I’ve never used a sewing machine that has computerized embroidery capabilities (I’m 100% analog when it comes to machines) but I have definitely seen what you’re talking about done before and it looks really neat!

      I’m assuming you’re thinking a satin stitch – maybe one that gradually gets wider as you move away from the apex, widest at the curve and then getting smaller again as you approach the apex? I’ve seen that before and I like the weight that it adds to the finished edge. On the downside, I can imagine the re-hooping would get tedious…

      I’d love to see what you come up with!

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      Dec 30, 2010, 11.03 AMby Sabrina Wharton-Brown

      If you have a scallop stitch (such as you get on entry-level computerized machines) you can sew that along the edge. That way you don’t need to keep re-hooping! : )

      I would suggest folding the edge over first to give it extra strength, and, if it’s a fine fabric, uising stabilizer or fusible interfacing.

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      Dec 30, 2010, 04.21 PMby eringilday

      Thanks for the tips, Sabrina!

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      Jan 1, 2011, 02.26 AMby mlssfshn

      There is a way to make you own lace with an embrodery machine and wash away stabilize. I had a friend do it before to make christmas ornaments. Some home machines can be hooped up to 12 inches now so repositioning wouldn’t be a big deal, you’d probably only have to do it onceif the bodice was one piece front and one piece pack per side. Most lace bodices are fitted and princess seamed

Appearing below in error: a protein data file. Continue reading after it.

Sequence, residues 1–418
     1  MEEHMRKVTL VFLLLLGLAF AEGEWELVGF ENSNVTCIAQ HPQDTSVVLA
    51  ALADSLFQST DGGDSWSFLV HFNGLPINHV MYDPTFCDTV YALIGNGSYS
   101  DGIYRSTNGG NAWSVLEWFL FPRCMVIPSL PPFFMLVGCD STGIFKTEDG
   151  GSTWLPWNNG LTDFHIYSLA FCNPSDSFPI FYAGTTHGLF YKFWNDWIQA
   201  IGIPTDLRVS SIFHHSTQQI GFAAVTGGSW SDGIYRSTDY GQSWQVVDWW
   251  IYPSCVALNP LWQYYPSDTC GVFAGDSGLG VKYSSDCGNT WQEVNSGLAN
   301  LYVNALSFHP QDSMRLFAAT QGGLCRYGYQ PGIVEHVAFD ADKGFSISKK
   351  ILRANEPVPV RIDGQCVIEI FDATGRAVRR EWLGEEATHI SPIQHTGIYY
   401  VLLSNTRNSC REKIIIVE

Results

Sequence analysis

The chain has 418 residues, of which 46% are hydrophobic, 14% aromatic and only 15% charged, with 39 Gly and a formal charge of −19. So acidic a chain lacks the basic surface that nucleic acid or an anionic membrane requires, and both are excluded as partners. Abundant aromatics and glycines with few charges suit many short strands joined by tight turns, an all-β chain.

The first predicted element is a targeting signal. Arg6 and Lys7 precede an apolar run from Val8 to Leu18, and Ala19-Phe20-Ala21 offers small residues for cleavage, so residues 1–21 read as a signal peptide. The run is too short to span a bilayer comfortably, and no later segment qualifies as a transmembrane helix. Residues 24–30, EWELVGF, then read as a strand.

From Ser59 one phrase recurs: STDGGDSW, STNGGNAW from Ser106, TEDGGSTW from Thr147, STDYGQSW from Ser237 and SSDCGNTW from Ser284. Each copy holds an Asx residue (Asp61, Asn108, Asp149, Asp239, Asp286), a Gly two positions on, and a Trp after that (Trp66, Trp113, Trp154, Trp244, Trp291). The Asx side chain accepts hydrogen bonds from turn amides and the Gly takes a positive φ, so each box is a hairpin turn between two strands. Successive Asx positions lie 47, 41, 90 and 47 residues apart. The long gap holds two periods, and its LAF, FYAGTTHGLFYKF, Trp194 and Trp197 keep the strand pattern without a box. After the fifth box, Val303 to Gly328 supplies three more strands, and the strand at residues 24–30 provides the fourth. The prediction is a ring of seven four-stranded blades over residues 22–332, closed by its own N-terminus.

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      Jan 1, 2011, 03.03 AMby eringilday

      Well that certainly sounds more do-able than I initially imagined! Thanks for the tip!

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    Dec 30, 2010, 03.16 AMby kelepso

    Those 3 vintage dress at the top are gorgeous!

    1 Reply
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      Dec 30, 2010, 03.44 AMby eringilday

      I know, total stunners! I was so excited when I found those for this post!

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    Dec 29, 2010, 09.08 PMby sarsaparilla

    Love the pictures! I’d like to try scallops some time.

    1 Reply
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      Dec 29, 2010, 10.23 PMby eringilday

      Glad you like ’em, Sarsparilla! Thanks for reading.

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    Dec 29, 2010, 08.38 PMby fashionfreek

    Oooweeee:-). Lovely ideas. ;-)

    1 Reply
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      Dec 29, 2010, 10.22 PMby eringilday

      Thanks, fashionfreak!

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    Dec 29, 2010, 06.55 PMby danired

    Those first 3 dresses are killer! Def. wedding material :) And that fur…totally unexpected!

    1 Reply
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      Dec 29, 2010, 10.22 PMby eringilday

      I know, the fur kills me too! That one doesn’t actually have scallops involved (unless you count the v neckline) but oh well. =)

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    Dec 29, 2010, 06.41 PMby ladykatza

    Ooo! I have a bunch of mid-40’s vintage patterns with scalloped details. It was a popular thing to do for detail when fabric was being rationed.

    1 Reply
    • 35323_1550195117626_1317563306_1450393_3860676_n_large

      Dec 29, 2010, 10.21 PMby eringilday

      Good point – scallops are a no-cost embellishment that would make sense during fabric rationing. I would love to see some of your patterns!